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Richard Bean's bucolic comedy, set against the constancy of pig farming and the changing nature of the 20th century. £14.50 - £26
Oxford Playhouse, Jan 30-Feb 6 2009

February 4, 2009
Harvest is an epic gallop across ten decades of family farm life. Richard Bean's new play, set in East Yorkshire, gently takes the theme of the changing nature of British agriculture and weaves this in and around and number of subplots, largely involving the fraught dynamics of family relationships. During the interval my companion for the evening described it as “like The Archers on speed” and Bean acknowledges this unavoidable comparison by playing the radio soap’s infamous theme tune during the second act. This triggers a laugh of recognition – and possibly relief – from the audience.

Harvest is not a particularly radical play though it does attempt to address, or at least present, issues surrounding farm politics. We observe a simple and efficient family farm deteriorate into a debt-ridden pig factory. As well as exemplifying what has happened to British agriculture this could be a timely metaphor for any number of industries in decline in today's economic climate. However, Bean does not sacrifice the depth of his characters or flow of his narrative for the sake of delivering a political comment. Instead, Harvest is a play abundant with exceptionally likable and refreshingly believable characters. We witness William, played by Ian Dunn, age from 19 to 113; he does so convincingly and without causing the audience to feel any pity for him. Similarly, we see the character of Laura advance from being the 'most beautiful lass' in Yorkshire to living in squalor as an old woman; again she remained dignified against the odds.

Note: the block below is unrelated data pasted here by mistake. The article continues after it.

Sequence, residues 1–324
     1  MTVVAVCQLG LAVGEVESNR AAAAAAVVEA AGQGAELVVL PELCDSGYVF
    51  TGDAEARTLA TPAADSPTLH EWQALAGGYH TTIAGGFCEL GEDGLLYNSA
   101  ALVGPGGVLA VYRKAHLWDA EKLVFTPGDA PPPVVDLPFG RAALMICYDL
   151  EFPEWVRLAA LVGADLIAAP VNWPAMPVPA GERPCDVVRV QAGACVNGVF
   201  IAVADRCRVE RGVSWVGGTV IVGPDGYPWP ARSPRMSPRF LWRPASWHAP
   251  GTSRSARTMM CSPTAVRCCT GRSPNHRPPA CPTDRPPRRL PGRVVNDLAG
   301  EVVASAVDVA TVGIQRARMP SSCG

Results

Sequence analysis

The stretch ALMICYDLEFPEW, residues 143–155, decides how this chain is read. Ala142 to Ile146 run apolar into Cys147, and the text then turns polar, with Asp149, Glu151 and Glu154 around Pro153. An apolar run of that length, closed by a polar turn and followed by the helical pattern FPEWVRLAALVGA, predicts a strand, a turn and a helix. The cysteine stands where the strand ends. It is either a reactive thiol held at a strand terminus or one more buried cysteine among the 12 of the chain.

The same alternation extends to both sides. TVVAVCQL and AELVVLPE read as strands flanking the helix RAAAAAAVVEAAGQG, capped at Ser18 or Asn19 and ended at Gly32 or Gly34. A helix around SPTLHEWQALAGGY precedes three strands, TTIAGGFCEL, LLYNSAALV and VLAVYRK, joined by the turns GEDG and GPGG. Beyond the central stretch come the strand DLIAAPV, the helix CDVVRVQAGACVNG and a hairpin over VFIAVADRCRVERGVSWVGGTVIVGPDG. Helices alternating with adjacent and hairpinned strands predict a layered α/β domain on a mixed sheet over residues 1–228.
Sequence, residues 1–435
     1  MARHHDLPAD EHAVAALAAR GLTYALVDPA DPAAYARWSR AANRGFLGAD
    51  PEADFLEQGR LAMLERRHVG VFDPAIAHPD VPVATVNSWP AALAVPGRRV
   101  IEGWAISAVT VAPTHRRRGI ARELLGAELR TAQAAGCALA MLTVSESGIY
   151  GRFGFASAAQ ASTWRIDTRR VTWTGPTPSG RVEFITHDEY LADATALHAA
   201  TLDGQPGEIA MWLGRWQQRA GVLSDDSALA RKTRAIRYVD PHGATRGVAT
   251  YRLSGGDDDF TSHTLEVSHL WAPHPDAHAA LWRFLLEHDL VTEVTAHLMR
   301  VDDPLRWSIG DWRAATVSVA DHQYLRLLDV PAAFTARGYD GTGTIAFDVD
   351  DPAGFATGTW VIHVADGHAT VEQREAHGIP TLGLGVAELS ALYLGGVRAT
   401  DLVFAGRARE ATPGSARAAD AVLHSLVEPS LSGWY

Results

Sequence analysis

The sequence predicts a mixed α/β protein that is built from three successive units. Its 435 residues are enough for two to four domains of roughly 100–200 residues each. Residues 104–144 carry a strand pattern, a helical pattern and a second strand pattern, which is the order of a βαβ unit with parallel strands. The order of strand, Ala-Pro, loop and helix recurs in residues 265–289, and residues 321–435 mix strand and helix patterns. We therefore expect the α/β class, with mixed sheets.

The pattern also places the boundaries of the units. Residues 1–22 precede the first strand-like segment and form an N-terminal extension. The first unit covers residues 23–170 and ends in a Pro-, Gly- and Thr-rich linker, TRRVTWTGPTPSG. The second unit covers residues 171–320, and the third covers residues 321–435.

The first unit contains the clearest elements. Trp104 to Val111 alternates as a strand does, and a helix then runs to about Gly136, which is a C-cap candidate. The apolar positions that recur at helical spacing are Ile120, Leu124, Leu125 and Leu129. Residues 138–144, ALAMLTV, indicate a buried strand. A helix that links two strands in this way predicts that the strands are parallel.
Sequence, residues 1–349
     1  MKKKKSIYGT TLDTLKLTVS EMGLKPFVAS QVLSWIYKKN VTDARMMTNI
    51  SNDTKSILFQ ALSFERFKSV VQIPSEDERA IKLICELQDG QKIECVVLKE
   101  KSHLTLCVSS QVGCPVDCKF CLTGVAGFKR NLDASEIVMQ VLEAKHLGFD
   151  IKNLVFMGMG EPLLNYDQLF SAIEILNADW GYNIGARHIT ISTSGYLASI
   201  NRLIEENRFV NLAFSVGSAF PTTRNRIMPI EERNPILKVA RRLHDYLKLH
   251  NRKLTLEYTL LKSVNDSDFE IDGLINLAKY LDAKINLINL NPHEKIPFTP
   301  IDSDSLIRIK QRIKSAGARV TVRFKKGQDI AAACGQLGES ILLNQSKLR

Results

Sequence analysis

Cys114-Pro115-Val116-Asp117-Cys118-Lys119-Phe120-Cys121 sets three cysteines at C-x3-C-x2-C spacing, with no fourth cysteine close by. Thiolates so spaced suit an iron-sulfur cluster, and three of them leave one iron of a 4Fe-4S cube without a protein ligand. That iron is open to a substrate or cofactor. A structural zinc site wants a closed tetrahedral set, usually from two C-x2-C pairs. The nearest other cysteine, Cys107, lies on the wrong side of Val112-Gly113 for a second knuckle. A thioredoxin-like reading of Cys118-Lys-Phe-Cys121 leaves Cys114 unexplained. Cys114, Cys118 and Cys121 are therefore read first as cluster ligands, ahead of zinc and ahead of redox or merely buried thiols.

It's no accident that the squalor Laura is surrounded by in her old age comprises largely of mess collected in and around Tesco carrier bags. This verges on a somewhat obvious comment on the impact large supermarkets have had on small farmers, and small producers in general. However, the bags remain a backdrop only and their presence does not ultimately have much of an effect. Despite ten decades of being manipulated by politics and money the characters – the people – remain intact.

Harvest is deeply satisfying; you may not leave the theatre with any fired up feelings about the state of British agriculture but you will certainly go home with a sense of having been through something subtly special.
This is terrific - don't miss it! Worth all the effort of going out on a cold snowy night; excellent storyline with endless unexpected twists and turns, full of black humour, tragedy AND joy. Endearing characters who get under your skin - all the things you hope for from a good night out in the theatre but so rarely get! The acting and the production are worthy of the West End, I was so caught up in the tale, I didn't notice the acting, it was so involving we were just carried along by the momentum of the whole performance. It'll entertain you, cheer you up no end and make you a more compassionate person as far a pig farmers are concerned. Don't miss it.
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